Vaping Among Young Canadians on the Rise

Edited by Admin
Vaping Among Young Canadians on the Rise

Vaping Among Young Canadians

A new 2021 national study, conducted by the Lung Association of Nova Scotia with financial support from the Heart and Stroke Foundation of Canada and other partners, contains some shocking statistics about vaping among Canadians aged 18 to 24. Using a sample of more than 3,000 young people, researchers learned the following:

  • Respondents began vaping at an average age of fifteen.
  • On average, an e-cigarette user vapes six days per week, with approximately thirty vaping episodes per day.
  • Respondents spent between $13 and $22 per week on e- cigarettes.
  • The overwhelming majority of respondents have both used someone else’s e-cigarette and shared their e-cigarette with others.
  • Around half of all respondents had experienced a negative health effect related to vaping, and more than half have tried to quit vaping, with many making several attempts.
  • Almost all users began by using a flavoured vape juice at initiation. In most provinces, berry, mango, and mint/menthol were the most commonly reported flavours.
  • More than 60% of users used vape juice containing the highest possible concentrations of nicotine (50-60 mg/mL).

When vaping was first introduced to the North American market, it was presented as a safer alternative to inhaling tobacco cigarettes; it provided a hit of nicotine without the related risks from burning tobacco, which made it beneficial for smokers who trying to quit. Unit per unit, vaping is, in fact, less risky than cigarette smoking. However, few activities are more dangerous to your health than smoking cigarettes, so simply proclaiming that vaping is “safer” doesn’t mean that it is safe.

Switching from cigarettes to vaping may indeed provide benefits for a heavy smoker. However, the availability of these products has led to large numbers of young people, who would not otherwise smoke cigarettes, engaging in vaping. In addition, cannabis can be delivered by vape, creating a second layer of risk for adolescents. Nearly 40 per cent of 16- to 19-year-old Canadian teens reported trying e-cigarettes in a recent survey, and nearly one in ten said they vape weekly. A study published in a pediatric journal last year found that the use of vape devices among Canadian teenagers doubled between the years 2017 and 2019, a shocking statistic. This rise in the incidence of vaping means that many of our young people are exposing their developing brains to both nicotine and cannabis, and their lungs to a variety of toxins.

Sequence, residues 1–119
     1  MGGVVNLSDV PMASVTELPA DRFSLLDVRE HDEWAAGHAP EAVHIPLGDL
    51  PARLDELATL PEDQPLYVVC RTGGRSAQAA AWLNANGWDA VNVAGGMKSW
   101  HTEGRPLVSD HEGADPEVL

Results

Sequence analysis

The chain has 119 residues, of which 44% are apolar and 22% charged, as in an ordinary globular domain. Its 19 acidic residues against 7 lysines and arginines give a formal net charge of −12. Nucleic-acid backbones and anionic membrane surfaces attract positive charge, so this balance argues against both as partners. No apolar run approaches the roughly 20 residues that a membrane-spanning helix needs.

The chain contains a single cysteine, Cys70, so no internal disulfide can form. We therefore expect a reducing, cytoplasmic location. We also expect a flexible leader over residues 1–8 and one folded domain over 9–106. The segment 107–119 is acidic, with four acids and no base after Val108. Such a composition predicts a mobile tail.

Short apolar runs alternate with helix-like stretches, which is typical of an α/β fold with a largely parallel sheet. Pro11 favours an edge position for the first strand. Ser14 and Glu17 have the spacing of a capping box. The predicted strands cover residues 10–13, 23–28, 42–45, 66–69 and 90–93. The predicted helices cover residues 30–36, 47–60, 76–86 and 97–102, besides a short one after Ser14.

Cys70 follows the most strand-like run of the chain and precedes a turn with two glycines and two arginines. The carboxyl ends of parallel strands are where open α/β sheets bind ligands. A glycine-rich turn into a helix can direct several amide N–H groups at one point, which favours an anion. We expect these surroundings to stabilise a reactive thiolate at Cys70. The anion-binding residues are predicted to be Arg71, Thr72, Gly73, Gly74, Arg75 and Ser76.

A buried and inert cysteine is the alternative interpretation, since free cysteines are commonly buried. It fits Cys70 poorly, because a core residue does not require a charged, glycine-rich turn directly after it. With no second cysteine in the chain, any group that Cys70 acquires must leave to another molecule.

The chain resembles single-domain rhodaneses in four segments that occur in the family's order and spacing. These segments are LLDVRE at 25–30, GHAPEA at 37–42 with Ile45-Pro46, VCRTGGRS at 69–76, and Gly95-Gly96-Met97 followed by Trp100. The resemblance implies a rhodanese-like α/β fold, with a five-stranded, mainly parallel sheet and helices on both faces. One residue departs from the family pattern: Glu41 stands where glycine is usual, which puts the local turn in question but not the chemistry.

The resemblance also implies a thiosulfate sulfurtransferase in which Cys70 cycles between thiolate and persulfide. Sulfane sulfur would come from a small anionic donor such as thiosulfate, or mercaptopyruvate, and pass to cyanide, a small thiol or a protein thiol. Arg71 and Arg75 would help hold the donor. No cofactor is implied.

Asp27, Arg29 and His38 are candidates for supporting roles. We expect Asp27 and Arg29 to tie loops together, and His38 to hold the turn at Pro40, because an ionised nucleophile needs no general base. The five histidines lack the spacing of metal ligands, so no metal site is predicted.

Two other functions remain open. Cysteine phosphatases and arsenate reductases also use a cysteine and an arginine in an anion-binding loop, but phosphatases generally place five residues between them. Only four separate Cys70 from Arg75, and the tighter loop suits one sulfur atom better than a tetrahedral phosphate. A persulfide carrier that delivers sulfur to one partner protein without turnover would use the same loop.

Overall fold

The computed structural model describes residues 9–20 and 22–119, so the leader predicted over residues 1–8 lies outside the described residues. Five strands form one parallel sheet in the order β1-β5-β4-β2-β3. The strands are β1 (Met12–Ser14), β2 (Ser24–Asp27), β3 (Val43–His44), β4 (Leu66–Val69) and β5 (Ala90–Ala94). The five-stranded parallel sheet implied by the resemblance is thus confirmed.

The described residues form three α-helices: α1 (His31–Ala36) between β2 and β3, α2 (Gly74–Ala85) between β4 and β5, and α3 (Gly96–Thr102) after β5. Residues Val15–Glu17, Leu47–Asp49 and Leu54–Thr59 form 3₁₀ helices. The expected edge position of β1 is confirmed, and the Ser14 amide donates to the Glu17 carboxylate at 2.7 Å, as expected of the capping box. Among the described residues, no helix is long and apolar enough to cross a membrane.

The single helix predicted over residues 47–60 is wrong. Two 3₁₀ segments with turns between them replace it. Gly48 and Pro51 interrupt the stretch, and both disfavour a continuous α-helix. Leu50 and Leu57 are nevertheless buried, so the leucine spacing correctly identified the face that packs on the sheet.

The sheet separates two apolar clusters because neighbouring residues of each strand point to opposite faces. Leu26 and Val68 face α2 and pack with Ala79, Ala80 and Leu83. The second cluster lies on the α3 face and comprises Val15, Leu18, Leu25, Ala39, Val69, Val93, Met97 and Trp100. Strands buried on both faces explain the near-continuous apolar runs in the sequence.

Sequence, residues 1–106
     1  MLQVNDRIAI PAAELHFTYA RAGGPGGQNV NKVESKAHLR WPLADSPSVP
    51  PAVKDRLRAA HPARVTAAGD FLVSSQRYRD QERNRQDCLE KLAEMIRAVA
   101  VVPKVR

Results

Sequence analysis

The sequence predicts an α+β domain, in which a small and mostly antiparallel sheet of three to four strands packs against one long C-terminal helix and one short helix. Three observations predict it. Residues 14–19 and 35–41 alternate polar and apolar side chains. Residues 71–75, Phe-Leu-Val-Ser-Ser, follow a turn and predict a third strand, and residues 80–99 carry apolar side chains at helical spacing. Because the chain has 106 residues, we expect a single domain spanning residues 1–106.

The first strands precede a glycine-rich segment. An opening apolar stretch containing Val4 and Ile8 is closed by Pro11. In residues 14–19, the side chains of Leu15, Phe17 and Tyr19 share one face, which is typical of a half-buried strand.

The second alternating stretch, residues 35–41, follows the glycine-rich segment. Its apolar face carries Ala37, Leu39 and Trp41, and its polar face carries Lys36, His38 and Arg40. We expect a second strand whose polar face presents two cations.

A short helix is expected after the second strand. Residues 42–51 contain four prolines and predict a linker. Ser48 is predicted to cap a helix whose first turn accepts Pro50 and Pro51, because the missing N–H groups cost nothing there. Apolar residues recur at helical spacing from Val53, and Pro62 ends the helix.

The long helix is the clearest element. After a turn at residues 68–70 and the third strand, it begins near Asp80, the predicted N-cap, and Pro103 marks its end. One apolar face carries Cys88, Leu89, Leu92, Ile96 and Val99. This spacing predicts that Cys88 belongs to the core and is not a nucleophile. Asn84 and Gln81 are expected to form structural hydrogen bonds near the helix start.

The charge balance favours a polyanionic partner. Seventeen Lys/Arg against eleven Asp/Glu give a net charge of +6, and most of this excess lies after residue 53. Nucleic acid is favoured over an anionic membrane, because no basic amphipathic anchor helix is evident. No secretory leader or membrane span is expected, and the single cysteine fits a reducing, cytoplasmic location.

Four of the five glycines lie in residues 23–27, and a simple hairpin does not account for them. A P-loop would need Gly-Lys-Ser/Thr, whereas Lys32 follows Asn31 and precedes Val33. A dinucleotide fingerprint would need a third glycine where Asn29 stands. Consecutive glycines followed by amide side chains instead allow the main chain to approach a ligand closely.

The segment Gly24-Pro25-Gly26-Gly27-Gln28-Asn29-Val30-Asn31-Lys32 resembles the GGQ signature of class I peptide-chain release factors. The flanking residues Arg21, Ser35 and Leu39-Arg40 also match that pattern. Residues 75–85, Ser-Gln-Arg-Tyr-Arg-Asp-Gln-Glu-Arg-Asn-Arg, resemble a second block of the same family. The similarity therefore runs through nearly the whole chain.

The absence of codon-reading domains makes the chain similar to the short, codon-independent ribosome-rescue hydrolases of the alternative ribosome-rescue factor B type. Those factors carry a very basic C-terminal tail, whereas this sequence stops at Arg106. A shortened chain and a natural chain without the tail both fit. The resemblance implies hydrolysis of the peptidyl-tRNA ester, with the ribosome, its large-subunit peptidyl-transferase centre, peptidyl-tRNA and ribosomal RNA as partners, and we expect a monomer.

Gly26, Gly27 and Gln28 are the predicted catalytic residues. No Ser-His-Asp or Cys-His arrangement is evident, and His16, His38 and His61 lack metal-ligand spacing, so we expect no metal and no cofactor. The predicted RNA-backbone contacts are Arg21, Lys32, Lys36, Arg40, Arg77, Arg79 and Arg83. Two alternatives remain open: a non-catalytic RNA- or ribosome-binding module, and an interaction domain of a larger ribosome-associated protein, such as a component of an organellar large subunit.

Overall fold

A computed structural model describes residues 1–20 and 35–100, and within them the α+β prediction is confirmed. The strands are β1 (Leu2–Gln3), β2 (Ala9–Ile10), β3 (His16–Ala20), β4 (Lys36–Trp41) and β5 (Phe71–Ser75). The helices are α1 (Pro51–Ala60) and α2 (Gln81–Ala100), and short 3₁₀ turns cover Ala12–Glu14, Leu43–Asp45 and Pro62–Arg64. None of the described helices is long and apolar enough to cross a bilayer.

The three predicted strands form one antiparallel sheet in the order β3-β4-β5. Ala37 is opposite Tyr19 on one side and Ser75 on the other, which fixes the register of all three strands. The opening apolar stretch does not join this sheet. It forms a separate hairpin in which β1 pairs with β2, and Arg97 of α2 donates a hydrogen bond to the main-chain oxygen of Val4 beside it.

Marketing to Our Youth
When vaping was legalized in Canada, federal laws were put in place to discourage the promotion of vaping products to people under the age of 18, such as those that taste like candy, dessert, or pop. However, many manufacturers seem to have flouted these regulations in order to target the youth market. In 2019, the Globe and Mail talked to David Hammond, a public health researcher at the University of Waterloo. “The products and the way they’re marketed is appealing to young people in North America. You don’t have to be a researcher or a rocket scientist to figure it out,” said Hammond. “I would say if [the industry’s] intention has been to target adult smokers, it has been a very poorly executed campaign.”
Despite the ban on flavours that appeal to children, it’s relatively easy to find high-nicotine vape liquids with flavours such as birthday-cake or cotton candy in Toronto stores. Marketers also reach into social media sites popular with young people, with Instagram influencers paid to run contests sponsored by the e-cigarette industry, for example.

The Effects of Vaping on Young People

As is now commonly known, the human brain continues to develop until the mid-twenties, and any substance that affects the brain during development can create lasting damage. Regular vaping of nicotine or cannabis can lead to negative impacts on key brain functions like memory formation and impulse control. Vaping is also associated with increased risk of mental health issues like anxiety and depression. Addiction is another danger for young people who vape, since many vaping liquids have high concentrations of nicotine and cannabis. Youth can quickly develop a tolerance to these substances and a dependency on them. Frequent users may develop withdrawal symptoms after only a few hours, which can interfere with learning, sleep, and other activities.
Vaping devices heat the liquid to produce an aerosol, which contains potentially toxic chemicals and substances that can cause damage to the lungs. These include fine particles as well as flavouring chemicals like diacetyl, volatile compounds such as benzene, and even heavy metals like nickel, tin, and lead. While vaping is still too recent for us to have much information about the long-term effects of vaping on the lungs, it has been shown that these chemicals can lead to chronic cough, bronchitis, asthma exacerbation, pneumonia and an increased risk for Vaping Associated Lung Injury (VALI).

It’s not yet known whether vape manufacturers can be held responsible for their actions, although a lawsuit is currently before the courts in Canada. If you have suffered a vape-related injury or illness, contact a personal injury lawyer today.